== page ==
What's "res"? The result of the authorization? "access_granted" would
be a better name, except that the parameter doesn't affect the
authorization end result when the value is true, so inverting the
meaning and renaming the parameter to "access_denied" would perhaps
make sense. It's not clear to me why the parameter even exists.

+    pa_xfree((char *)d->d.name);
+    if (d->pd)
+        pa_pdispatch_unref(d->pd);
+    if (d->tc)
+        pa_tagstruct_free(d->tc);
+    pa_xfree(d);

It would be good to encapsulate this in access_data_free().

Is it necessary to hold a reference to the pdispatch object? The
pdispatch is guaranteed to stay around as long as the
pa_native_connection object exists. Can we cancel all pending access
checks (and free the access_data structs) when a connection dies,
before pa_native_connection drops its reference to the pdispatch

Should check_access() default to deny instead of allow when
map_table[command] is NULL?

module-access: add example access module

+typedef struct access_policy access_policy;
+typedef struct event_item event_item;
+typedef struct client_data client_data;
+typedef struct userdata userdata;

What's the purpose of these typedefs? If you need to forward declare
something (like the access_policy struct references the userdata struct
before the userdata struct has been defined) you can just do "struct
foo;", no need for typedefs.

+struct client_data {
+    uint32_t index;
+    uint32_t policy;
+    PA_LLIST_HEAD(event_item, events);

Why is the policy referenced by index rather than by pointer?

+struct userdata {
+    pa_core *core;
+    pa_hook_slot *hook[PA_ACCESS_HOOK_MAX];
+    pa_idxset *policies;
+    uint32_t default_policy;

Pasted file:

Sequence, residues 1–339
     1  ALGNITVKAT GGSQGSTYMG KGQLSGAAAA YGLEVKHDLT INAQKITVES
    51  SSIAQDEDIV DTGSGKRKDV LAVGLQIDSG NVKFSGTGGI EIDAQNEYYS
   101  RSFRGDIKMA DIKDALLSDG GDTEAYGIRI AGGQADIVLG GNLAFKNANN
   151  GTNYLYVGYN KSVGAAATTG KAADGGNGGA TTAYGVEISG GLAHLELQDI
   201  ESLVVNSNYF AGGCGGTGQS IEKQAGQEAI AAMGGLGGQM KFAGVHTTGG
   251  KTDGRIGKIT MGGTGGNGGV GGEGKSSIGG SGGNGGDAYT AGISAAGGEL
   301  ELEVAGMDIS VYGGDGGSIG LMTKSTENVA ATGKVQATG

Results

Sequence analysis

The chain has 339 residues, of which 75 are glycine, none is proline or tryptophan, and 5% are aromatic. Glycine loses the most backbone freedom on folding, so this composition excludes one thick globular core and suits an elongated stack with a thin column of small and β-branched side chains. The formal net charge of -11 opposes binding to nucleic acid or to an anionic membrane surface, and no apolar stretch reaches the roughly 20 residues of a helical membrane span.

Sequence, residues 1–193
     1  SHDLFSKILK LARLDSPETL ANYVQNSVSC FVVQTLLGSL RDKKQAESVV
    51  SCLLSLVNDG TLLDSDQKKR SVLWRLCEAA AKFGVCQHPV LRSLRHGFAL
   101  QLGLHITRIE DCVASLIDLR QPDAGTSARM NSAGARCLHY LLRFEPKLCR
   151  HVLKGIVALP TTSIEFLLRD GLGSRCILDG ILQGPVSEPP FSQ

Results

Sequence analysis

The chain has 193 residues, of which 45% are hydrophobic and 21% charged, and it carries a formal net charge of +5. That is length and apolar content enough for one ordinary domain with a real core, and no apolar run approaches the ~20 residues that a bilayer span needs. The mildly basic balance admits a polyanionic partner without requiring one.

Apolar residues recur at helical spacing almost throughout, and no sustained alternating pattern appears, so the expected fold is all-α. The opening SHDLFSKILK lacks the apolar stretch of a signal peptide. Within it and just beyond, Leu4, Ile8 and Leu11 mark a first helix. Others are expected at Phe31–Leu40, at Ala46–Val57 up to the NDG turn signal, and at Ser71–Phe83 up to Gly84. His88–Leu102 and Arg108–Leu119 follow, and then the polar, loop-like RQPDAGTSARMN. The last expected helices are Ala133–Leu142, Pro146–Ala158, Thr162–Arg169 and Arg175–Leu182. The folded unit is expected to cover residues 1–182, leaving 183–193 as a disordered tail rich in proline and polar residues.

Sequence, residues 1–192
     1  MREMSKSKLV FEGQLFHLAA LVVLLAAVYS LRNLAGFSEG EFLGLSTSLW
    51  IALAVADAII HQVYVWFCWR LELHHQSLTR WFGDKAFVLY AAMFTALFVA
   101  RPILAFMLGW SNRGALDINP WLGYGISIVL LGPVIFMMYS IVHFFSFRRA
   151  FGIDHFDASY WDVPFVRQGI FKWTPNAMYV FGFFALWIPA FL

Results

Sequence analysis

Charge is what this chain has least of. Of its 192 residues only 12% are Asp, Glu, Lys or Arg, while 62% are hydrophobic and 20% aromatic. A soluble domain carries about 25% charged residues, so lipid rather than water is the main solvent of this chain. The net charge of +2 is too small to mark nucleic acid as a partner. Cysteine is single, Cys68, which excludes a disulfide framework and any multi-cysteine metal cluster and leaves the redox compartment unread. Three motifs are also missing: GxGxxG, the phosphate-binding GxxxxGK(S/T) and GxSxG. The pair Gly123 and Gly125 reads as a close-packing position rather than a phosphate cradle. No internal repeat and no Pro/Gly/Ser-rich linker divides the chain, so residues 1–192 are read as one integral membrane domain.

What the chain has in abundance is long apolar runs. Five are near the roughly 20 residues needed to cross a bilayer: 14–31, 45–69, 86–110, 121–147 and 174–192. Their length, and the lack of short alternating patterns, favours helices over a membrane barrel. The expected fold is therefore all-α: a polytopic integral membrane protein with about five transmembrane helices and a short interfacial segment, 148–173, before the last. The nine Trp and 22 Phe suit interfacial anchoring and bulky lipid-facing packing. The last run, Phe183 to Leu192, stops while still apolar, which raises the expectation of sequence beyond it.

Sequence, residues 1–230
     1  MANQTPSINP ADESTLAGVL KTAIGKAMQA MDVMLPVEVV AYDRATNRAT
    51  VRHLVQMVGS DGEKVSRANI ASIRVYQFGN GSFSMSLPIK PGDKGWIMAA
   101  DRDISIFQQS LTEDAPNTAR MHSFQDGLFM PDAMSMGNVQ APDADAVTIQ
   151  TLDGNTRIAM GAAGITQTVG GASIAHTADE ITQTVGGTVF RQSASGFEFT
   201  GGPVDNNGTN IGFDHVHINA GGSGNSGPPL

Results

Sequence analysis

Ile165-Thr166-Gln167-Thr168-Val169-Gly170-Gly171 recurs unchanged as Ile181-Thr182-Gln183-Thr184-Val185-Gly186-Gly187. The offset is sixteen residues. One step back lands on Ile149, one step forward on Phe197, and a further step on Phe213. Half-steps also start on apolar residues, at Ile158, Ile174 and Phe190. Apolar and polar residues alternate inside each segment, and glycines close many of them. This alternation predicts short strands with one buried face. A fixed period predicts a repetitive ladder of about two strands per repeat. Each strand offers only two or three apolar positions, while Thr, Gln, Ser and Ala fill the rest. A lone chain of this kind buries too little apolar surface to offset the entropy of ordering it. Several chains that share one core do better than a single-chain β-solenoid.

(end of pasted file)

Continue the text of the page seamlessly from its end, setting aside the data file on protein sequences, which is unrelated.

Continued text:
+    pa_hashmap *clients;
+    pa_hook_slot *client_put_slot;
+    pa_hook_slot *client_proplist_changed_slot;
+    pa_hook_slot *client_unlink_slot;

Why is the default policy referenced by index rather than by pointer?

It would be nice to have a comment that documents the clients hashmap's
key and value types. It seems that the keys are client indexes, why not
pa_client pointers?

Why does the module follow client proplist changes? It looks like the
intention is to update the access policy based on the proplist, but the
module actually never changes it. Maybe that's because the code is only
at a prototype phase, but I don't think the code should ever evolve to
use the proplist as a basis for choosing the access policy. The
proplist is controlled by the client, so it can't be trusted.

You can use pa_module_hook_connect() for avoiding the need to manually
free the client put, unlink and proplist_changed hook slots.

+        u->hook[i] = pa_hook_connect(&u->core->access[i], PA_HOOK_EARLY - 1, cb, u);

Setting the priority to super high doesn't make much sense to me. This
is the only module using the hooks, and you don't know what other
modules there are going to be, and how they should be prioritized
relative to this one. Stacking access control modules doesn't make much
sense anyway with the current hook semantics (as I explained earlier).

module-access: add async handler for record

struct client_data {
+    struct userdata *u;
+    uint32_t index;
+    uint32_t policy;
+    struct async_cache cached[PA_ACCESS_HOOK_MAX];
+    pa_time_event *time_event;
+    pa_access_data *access_data;
+    PA_LLIST_HEAD(event_item, events);

pa_access_data is a per-request object, but this struct allows having
only one pa_access_data per client. Shouldn't the module be prepared to
handle multiple simultaneous requests?

It would be nice to have a comment about what an "event_item"
represents. I read the code yesterday, but now I have already forgotten
what the purpose of those event items is... Ok, now I re-read the code,
and an "event item" actually is just an identifier for an object
(consisting of the type and object index). The events list in
client_data contains the identifiers of all objects that the client is
allowed to see. If an object isn't in the list, then subscription
events for that object are prevented from reaching the client. I think
"visible_objects" or something like that would be a better name for the